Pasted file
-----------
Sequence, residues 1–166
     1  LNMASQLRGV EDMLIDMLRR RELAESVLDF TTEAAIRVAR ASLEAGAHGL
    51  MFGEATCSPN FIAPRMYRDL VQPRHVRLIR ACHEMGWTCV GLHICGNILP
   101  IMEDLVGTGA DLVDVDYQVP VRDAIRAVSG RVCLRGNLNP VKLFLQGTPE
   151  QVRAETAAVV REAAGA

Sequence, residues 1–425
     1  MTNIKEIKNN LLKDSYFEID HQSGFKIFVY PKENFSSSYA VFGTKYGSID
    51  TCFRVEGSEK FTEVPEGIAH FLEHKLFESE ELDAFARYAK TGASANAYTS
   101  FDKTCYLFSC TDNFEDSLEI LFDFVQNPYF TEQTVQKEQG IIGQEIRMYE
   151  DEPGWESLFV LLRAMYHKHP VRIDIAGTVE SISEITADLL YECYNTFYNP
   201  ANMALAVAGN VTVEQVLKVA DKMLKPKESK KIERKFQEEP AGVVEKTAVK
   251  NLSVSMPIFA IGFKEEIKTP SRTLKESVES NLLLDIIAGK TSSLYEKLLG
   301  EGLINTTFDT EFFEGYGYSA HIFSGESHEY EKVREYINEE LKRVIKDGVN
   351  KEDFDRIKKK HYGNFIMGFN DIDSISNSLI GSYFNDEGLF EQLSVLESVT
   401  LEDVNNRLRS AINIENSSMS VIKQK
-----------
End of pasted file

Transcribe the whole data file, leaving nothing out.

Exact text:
Sequence, residues 1–166
     1  LNMASQLRGV EDMLIDMLRR RELAESVLDF TTEAAIRVAR ASLEAGAHGL
    51  MFGEATCSPN FIAPRMYRDL VQPRHVRLIR ACHEMGWTCV GLHICGNILP
   101  IMEDLVGTGA DLVDVDYQVP VRDAIRAVSG RVCLRGNLNP VKLFLQGTPE
   151  QVRAETAAVV REAAGA

Sequence, residues 1–425
     1  MTNIKEIKNN LLKDSYFEID HQSGFKIFVY PKENFSSSYA VFGTKYGSID
    51  TCFRVEGSEK FTEVPEGIAH FLEHKLFESE ELDAFARYAK TGASANAYTS
   101  FDKTCYLFSC TDNFEDSLEI LFDFVQNPYF TEQTVQKEQG IIGQEIRMYE
   151  DEPGWESLFV LLRAMYHKHP VRIDIAGTVE SISEITADLL YECYNTFYNP
   201  ANMALAVAGN VTVEQVLKVA DKMLKPKESK KIERKFQEEP AGVVEKTAVK
   251  NLSVSMPIFA IGFKEEIKTP SRTLKESVES NLLLDIIAGK TSSLYEKLLG
   301  EGLINTTFDT EFFEGYGYSA HIFSGESHEY EKVREYINEE LKRVIKDGVN
   351  KEDFDRIKKK HYGNFIMGFN DIDSISNSLI GSYFNDEGLF EQLSVLESVT
   401  LEDVNNRLRS AINIENSSMS VIKQK